Livros de Areia

sexta-feira, 11 de julho de 2008


"In 1970, Allen Lane sold Penguin to Pearson, one of the major British conglomerates, and the owners of properties ranging from the Financial Times to the Buenos Aires Water Company. When Lane was on his deathbed, Charles Clark and his fellow editors tried to persuade him to turn Penguin into a public trust, as David Astor had done with the British Sunday paper the Observer, thereby continuing its independent existence as a nonprofit. Had Lane agreed to this proposal, the future of British publishing might have been very different. Penguin would have continued to set high standards for paperback publishing and, by being able to buy books from other publishers, would have encouraged the rest of the trade to do the same. It was perhaps too much to expect of Lane, who had always been a dedicated businessman, and the sale went through. For a brief period, Pearson turned to a brilliant publisher and author, Peter Calvocoressi, to be their chief executive. Harper's was to do the same in the United States, promoting Mel Arnold, the inventor of their highbrow paperbacks, to president. Both men had come from highly distinguished small independent firms, Calvocoressi from Chatto & Windus, Arnold from Beacon Press. I watched their careers with fascination and sadly saw that neither survived the new kind of profit demands resulting from corporate takeovers."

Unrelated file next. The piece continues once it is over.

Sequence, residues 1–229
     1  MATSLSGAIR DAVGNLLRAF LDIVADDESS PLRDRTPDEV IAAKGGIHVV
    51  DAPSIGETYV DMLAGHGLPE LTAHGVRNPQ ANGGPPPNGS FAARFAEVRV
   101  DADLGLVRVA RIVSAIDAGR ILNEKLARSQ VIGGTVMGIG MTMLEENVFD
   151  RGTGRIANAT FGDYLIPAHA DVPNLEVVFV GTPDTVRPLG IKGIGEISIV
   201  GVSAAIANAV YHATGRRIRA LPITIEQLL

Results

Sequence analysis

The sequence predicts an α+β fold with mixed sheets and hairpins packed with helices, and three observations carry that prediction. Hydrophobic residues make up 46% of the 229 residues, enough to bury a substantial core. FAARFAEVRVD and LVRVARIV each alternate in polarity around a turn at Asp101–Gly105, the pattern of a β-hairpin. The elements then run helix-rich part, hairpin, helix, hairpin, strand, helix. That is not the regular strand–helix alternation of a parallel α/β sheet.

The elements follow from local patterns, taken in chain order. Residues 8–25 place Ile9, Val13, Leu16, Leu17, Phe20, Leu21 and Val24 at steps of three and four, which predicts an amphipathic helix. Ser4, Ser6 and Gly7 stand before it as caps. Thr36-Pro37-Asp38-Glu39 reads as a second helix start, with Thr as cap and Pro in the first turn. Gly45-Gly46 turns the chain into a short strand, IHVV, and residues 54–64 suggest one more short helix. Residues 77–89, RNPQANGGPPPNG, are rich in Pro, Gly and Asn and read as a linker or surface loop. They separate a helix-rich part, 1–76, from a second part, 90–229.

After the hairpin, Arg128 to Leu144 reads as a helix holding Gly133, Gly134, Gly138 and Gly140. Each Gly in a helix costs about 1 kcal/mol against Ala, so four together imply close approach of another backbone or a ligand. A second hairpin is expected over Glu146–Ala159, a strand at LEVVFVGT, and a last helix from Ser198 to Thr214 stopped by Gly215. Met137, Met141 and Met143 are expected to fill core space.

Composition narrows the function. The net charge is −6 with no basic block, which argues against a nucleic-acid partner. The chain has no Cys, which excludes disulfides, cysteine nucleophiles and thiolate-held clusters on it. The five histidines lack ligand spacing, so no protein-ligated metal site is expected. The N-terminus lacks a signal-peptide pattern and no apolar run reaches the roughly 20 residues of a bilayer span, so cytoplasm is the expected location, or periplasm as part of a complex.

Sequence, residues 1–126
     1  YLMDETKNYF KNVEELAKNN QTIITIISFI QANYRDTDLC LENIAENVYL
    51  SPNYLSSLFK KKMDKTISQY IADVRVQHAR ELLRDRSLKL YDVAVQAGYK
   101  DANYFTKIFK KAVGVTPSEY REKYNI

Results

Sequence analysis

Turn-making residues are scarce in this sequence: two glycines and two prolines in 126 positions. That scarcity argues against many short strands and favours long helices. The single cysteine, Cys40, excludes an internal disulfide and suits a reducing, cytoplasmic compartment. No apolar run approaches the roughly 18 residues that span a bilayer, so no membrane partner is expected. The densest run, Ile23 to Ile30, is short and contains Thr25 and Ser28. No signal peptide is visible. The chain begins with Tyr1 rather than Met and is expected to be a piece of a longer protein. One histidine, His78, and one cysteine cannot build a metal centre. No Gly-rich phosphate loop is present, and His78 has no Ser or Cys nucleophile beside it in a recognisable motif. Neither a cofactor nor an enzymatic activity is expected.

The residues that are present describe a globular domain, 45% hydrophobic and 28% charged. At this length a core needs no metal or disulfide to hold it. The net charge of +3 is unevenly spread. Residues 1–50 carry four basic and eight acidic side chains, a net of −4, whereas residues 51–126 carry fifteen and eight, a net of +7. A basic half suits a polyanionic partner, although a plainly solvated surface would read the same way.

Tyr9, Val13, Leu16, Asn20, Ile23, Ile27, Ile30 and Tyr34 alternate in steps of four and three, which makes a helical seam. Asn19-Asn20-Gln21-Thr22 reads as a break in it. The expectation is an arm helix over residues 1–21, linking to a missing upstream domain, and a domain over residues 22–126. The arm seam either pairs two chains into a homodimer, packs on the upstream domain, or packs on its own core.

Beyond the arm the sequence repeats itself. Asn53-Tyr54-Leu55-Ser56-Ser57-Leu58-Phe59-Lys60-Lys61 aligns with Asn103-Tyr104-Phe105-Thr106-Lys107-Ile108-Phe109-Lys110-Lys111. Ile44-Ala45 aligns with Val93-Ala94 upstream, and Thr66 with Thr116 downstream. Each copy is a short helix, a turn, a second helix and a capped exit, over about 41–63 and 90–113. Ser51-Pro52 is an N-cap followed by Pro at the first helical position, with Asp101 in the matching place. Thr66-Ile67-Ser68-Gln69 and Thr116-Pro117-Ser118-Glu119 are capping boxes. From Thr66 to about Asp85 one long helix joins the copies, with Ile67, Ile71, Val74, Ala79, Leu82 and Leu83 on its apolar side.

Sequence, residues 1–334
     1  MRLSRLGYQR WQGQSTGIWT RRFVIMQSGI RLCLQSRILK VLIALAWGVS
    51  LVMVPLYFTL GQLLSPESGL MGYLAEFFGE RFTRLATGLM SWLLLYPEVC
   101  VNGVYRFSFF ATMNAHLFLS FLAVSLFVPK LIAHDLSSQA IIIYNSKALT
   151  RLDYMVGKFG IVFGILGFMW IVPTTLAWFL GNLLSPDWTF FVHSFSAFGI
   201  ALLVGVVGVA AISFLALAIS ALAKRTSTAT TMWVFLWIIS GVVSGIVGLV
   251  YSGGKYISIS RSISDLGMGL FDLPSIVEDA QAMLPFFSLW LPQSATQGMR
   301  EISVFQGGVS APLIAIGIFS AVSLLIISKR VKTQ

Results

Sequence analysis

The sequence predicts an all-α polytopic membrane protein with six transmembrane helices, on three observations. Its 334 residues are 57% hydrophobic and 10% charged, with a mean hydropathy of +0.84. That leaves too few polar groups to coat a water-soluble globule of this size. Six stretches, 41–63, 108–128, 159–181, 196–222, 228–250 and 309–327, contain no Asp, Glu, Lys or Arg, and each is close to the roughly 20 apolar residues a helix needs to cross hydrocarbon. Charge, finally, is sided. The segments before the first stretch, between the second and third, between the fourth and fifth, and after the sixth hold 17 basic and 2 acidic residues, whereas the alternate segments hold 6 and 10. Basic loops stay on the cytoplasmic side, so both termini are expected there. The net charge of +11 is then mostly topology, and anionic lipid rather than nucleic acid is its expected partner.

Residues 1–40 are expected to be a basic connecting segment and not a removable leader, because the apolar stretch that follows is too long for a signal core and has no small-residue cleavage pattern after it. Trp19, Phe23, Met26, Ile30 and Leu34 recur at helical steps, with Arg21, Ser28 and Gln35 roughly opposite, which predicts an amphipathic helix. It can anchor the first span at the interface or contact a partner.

(André Schiffrin, The business of books, p. 47, Verso, New York, 2000)


Anonymous Ana B. said...

Em algum lugar eu lembro de ter ouvido q esse eh um bom livro e vale a pena tê-lo. Lendo esse post, mesmo com meu ingles mais apurado para a escuta do q a escrita, achei interessante.

6:49 da tarde  
Blogger LdA said...

É um livro muito bom, Ana, e está editado no Brasil. Recomendamos. Obrigado pela visita.

7:21 da tarde  

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